Full Text

Calvin, John (1509–64)


Subject Philosophy

People Calvin, John

DOI: 10.1111/b.9781405106795.2004.x


Extract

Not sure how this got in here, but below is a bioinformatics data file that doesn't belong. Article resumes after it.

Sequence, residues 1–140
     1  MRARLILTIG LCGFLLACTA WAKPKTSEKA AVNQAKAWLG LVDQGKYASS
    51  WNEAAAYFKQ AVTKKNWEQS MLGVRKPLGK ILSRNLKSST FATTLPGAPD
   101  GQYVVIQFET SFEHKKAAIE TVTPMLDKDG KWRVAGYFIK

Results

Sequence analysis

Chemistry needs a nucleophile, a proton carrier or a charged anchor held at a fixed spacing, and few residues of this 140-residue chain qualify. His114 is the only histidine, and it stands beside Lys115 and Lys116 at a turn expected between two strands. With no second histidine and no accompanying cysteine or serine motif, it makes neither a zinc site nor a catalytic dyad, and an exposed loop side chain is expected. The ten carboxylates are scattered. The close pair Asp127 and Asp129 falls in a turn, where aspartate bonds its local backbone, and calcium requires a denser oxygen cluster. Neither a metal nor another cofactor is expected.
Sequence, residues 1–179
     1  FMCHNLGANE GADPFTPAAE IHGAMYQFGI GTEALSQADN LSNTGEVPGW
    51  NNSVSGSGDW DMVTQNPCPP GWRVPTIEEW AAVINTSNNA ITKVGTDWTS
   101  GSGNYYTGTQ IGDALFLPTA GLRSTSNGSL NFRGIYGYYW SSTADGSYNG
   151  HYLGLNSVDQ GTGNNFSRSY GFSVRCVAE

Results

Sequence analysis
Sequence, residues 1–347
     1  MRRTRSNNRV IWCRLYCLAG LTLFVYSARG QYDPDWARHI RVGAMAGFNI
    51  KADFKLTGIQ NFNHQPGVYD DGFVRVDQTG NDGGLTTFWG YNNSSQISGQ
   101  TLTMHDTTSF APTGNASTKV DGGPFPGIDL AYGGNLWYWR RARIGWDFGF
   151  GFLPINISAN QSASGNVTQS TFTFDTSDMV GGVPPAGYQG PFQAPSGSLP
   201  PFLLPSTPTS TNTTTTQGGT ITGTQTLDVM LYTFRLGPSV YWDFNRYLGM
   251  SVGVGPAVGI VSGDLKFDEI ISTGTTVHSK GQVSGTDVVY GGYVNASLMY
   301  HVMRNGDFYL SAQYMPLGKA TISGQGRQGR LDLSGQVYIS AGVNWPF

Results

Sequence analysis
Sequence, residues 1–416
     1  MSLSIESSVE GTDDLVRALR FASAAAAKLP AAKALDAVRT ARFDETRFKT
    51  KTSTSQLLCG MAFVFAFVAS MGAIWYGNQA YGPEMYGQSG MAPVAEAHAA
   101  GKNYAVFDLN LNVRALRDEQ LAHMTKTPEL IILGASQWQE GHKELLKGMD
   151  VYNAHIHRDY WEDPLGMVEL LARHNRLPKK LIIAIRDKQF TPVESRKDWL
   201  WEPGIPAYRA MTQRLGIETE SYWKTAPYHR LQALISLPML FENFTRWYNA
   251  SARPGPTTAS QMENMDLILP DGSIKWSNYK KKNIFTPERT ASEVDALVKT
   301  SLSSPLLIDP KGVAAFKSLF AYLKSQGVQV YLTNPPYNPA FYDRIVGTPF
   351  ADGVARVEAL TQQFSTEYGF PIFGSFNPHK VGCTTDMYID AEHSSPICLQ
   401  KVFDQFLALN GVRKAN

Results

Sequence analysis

French Protestant reformer and theologian, born in Noyon, taught in Geneva. Calvin argued that knowledge of God and knowledge of ourselves are jointly grounded in our recognition of misery and corruption in our lives. Without a sense of our own limitations, we cannot know God, and without knowing God and acknowledging his benevolence and love, we have false estimates of ourselves. Conscience is the subjective aspect of knowing, worshiping, and obeying God and sin is a wilful resistance to this knowledge, worship, and obedience. In his social and political teachings, Calvin argued for the separation of church and state and for justice in civic affairs, ideally through a republic. His major work, Institutes of the Christian Religion (1536), was repeatedly revised and developed throughout his life. ... log in or subscribe to read full text

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